You may have seen English ivy climbing up the side of a tree or building, but did you know this silent invader also has medicinal properties? Traditionally, herbalists have used it to treat respiratory conditions such as asthma, bronchitis, and chronic obstructive pulmonary disease (COPD). Read on to find out where it came from and what it can do for you.
1. English ivy is originally from Europe, Western Asia, and Northern Africa.
It was brought to the United States by European colonists around 1727, and is now also found on the East Coast, in Arizona, and Washington State. Many people like the plant because it stays green all year and makes an attractive ground cover for decorative gardens. In fact, it’s sold in many garden stores.
2. Like Darth Vader, it’s got a dark side.
English ivy is an invasive species, meaning it takes over other plant habitats and kills off local vegetation. The vine can attach to a tree trunk and climb its way all the way up the tree, covering leaves and branches, and preventing it from getting sunlight. It can also cause destruction to buildings, slowly tearing them down by finding its way into the cracks and prying them apart.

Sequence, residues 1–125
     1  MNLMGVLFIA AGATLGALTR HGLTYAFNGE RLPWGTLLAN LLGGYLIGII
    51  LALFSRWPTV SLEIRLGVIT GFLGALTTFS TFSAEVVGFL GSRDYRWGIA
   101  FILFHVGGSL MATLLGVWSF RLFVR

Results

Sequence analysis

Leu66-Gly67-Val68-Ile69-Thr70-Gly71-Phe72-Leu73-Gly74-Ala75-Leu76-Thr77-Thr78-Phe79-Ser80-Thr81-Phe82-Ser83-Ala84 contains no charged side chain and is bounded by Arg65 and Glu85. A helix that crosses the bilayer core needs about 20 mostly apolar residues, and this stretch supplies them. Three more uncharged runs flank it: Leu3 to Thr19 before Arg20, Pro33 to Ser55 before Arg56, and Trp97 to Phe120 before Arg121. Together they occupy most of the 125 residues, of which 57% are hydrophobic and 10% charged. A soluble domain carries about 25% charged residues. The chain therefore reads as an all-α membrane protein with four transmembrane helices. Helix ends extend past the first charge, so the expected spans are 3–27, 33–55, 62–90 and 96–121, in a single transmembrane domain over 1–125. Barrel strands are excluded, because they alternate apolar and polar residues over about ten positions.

- English ivy grows in places that get lots of sun, and flowers from late summer to early fall.
- The tiny greenish-yellow flowers turn into small black berries.
3. The leaves are used to make medicine.
Ivy leaves are dark green and feel waxy to the touch. They’re often made into extract, but dried leaves can be used in teas as well. Ivy leaf extract is generally considered safe. However, it may cause nausea or vomiting in high doses. It’s also not recommended during pregnancy.
4. Experts believe that English ivy extract can reduce mucus buildup in the lungs.
This can help ease breathing for those with asthma or chronic obstructive lung disease (COPD).
A typical dose used to treat asthma and COPD is 25 drops twice a day for children and 50 drops twice a day for adults. While clinical proof is limited, one promising study found ivy extract effective in improving lung function in children with chronic bronchial asthma.
5. English ivy is also thought to be a powerful antioxidant.
During normal daily living, molecules called free radicals can build up in your cells. This causes oxidative stress, which has been linked to cancer, diabetes, and other health conditions. Antioxidants are chemicals found in plants, like English ivy, that help the body neutralize or even prevent this kind of cell damage.